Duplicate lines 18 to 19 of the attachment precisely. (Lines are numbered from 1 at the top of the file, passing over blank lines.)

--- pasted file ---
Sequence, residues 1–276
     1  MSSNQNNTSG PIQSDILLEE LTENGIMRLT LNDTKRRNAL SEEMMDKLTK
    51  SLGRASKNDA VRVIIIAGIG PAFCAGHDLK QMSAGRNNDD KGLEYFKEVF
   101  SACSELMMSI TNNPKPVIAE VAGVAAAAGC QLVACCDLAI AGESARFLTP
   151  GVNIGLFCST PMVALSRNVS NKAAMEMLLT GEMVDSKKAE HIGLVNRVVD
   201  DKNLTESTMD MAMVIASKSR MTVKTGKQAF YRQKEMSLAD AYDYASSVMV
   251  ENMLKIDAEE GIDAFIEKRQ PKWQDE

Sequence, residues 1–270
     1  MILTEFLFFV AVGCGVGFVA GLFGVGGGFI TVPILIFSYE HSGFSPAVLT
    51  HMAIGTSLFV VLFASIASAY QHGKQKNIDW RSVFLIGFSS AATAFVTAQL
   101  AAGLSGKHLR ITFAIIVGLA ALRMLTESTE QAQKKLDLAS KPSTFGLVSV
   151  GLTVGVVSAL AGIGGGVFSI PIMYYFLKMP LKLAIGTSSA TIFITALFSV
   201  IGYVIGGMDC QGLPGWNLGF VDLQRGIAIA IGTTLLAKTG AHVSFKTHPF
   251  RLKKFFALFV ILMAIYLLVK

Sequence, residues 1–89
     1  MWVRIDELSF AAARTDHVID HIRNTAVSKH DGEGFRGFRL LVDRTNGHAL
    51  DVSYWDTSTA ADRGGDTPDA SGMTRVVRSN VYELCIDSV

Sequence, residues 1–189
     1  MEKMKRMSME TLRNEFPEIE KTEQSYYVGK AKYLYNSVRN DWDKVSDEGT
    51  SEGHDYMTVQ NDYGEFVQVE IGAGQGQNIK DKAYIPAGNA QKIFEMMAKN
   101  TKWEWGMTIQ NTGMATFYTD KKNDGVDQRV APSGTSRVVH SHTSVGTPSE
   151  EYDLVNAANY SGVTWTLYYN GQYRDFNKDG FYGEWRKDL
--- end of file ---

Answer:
Sequence, residues 1–189
     1  MEKMKRMSME TLRNEFPEIE KTEQSYYVGK AKYLYNSVRN DWDKVSDEGT